"The [drug rehab] clinic even called to ask why [my brother] didn't come in for his next methadone appointment, and he told them that Jesus saved him. They didn't believe him, but it was true. That was seven years ago, and he's never had to go back to drugs."
When Jim and I were first married I prayed often, and God would answer me. Those were happy days. For the first time in my life, I began to find God through the words of the Bible. I really began to know him and would sing songs and pray to him as a natural part of my life.
But somewhere during those first years, between giving birth to four children, watching Jim become more involved in his job, and finding that life had been getting busier and busier, I began to feel more alone. I actually became afraid of people, until this fear grew so much that it became a monster in my life.
During this time I stopped reading the Bible. I hardly ever prayed anymore. I seemed so busy with the kids and everything. My days went by so fast that I never thought about God. After a while, when I tried to reach out to people, I'd find myself paralyzed with fear. The more I tried, the worse it got. Whenever I forced myself to go to coffee klatches in the neighborhood, I ended up worse. At Jim's company parties I would hang on to him for dear life; I was so terrified of people. A trip to the shopping center would make me cry — all the people there, I'd be so frightened. Or Jim would take me to the movies, and I'd walk into the back of the theater and see all the people and be frightened to death. We'd have to sit in the back, and I'd be torn with anxiety through the whole movie. It was really hard for me, and for him.
That was one trial. The second hit us at the same time and involved my younger brother David.
I was always very close to David. When he was just a baby I'd take turns with Mom rocking him at night. For his birthday I'd help buy baby clothes for him. He was very special. Our family never showed much emotion when I was growing up; we didn't hug or demonstrate our love. But when David came into the house, he brought out that show of love from everyone. A baby really brings out love, and that's what David had always meant to me. He came into my life as a source of love.
Now, at the same time that I had begun to feel so alone and afraid of people, David came to stay with us - for a few days. He was just a teenager, but he had become a heroin addict.
I was crushed for him. When he was in the ninth grade he had been an A-student, president of his class. He was on the student council, an outstanding athlete, who had everything in the world going for him. He seemed so happy at the time. Then, he got hurt playing football, and wasn't able to play any sports. He became disillusioned by the people he thought were his friends — people in the school, in the student government. I think he was disillusioned himself, too. So he started going around with kids who were involved with drugs and gradually got into them himself. Before long he had become a heroin addict. I didn't know what to do, but I wanted so badly to help him.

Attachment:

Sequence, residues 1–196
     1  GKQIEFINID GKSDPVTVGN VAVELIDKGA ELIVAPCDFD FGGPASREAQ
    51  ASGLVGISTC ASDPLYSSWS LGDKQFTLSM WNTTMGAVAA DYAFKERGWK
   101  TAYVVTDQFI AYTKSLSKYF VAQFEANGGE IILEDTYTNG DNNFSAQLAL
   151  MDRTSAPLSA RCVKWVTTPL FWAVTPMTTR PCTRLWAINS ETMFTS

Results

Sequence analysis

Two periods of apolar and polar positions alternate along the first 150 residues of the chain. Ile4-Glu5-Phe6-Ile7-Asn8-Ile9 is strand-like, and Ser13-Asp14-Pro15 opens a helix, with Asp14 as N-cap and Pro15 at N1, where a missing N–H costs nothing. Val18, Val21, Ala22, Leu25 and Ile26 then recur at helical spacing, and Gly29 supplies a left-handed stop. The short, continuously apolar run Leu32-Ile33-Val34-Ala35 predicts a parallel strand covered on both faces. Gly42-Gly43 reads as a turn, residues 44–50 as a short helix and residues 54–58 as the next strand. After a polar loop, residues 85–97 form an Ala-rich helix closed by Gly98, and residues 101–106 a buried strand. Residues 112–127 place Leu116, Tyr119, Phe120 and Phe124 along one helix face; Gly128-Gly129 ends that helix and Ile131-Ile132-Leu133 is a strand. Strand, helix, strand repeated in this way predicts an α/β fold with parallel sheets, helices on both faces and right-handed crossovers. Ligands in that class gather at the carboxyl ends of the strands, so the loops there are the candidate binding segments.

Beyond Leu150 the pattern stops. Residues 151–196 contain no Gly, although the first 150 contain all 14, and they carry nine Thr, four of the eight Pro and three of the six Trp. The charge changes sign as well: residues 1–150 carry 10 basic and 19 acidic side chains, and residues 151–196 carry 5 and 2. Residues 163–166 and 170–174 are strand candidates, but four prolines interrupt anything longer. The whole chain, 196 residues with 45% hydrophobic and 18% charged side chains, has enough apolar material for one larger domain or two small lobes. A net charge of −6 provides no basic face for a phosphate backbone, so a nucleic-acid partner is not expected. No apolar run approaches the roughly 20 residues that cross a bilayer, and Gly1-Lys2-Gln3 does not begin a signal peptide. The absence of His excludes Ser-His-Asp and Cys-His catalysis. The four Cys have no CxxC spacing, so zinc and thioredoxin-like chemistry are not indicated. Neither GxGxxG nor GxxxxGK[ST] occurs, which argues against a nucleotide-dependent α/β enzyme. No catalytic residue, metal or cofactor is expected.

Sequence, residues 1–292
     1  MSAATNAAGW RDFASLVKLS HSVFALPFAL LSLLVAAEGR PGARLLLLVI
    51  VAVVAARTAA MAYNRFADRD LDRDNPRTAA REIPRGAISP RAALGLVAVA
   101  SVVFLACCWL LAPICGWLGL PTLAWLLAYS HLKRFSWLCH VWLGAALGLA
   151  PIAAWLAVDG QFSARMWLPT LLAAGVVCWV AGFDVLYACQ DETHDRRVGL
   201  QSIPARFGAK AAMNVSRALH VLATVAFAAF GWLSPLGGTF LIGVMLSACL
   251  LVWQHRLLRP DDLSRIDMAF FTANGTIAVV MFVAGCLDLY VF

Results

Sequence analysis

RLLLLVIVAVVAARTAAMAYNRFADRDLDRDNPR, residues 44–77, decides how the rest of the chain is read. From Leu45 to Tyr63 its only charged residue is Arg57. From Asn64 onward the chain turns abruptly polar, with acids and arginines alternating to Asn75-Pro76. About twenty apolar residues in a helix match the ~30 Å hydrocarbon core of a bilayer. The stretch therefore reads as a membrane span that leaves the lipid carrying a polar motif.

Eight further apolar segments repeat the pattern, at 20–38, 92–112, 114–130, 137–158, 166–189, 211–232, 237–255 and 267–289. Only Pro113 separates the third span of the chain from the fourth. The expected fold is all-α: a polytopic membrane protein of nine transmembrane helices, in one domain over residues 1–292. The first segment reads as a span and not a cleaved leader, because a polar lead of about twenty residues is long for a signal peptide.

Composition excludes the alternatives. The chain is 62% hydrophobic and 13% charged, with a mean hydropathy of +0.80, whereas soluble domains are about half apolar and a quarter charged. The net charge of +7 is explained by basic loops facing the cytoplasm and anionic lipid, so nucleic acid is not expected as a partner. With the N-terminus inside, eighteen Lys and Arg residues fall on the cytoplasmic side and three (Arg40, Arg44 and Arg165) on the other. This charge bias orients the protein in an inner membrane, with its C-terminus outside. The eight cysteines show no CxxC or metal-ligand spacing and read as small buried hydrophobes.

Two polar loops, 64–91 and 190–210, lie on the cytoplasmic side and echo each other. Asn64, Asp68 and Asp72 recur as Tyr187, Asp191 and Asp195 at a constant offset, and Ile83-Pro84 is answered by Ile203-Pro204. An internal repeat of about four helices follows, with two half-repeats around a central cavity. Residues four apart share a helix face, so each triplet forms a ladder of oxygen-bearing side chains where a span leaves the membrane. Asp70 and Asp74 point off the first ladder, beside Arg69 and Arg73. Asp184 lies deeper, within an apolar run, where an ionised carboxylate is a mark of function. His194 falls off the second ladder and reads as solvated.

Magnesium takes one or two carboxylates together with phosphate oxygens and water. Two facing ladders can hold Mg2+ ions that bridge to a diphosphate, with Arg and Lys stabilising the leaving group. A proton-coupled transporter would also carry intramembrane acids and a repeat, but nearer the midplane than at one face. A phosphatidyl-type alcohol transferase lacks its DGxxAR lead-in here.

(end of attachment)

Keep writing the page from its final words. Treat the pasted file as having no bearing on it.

Finally he overdosed and ended up in the hospital. I went to see him and told him everything I could think of. I told him how much we loved him, that life was hard, but that if he really tried, he could make it. I told him about how Jim had worked hard and succeeded. If only David would do this, he would find happiness too. But nothing I could tell him could meet the needs that he had. I didn't know how deep his needs were. I couldn't see them or fill them.
When he finally got out of the hospital, I invited him to visit again, but he gave excuses. He wouldn't come. We sent him to a rehabilitation center, but it didn't help. The first thing they did was shave his head. Next they put him in a very hard-core group that he didn't feel a part of. Before long he ran away from the center.
A psychologist started to work with him, who was really a kind man. He tried so hard to help. He would even drive out in the middle of the night to sit with David and drive him around. But he couldn't help either.
Then we tried methadone. David went to a clinic and before long was hooked on methadone. He came to see me, and he'd scratch and scratch and sleep on the couch half the day, and he had such a darkness in his eyes. It was a look that really scared me, because it was a death look. He told me that he had overdosed before. The last time, he had prayed repeatedly, "Please God, don't let it be this time." He knew, you see. He knew that he was somehow in death. But he also knew that God was there. Down deep he believed, but he was resisting God.
He claimed he was an atheist, but when he got to that point of death, he would reach out to God. In fact, one time when he overdosed his heart actually stopped beating, and he cried out in his mind, "Oh God, if you're there, please save me," and his heart started beating again. But he still didn't accept God.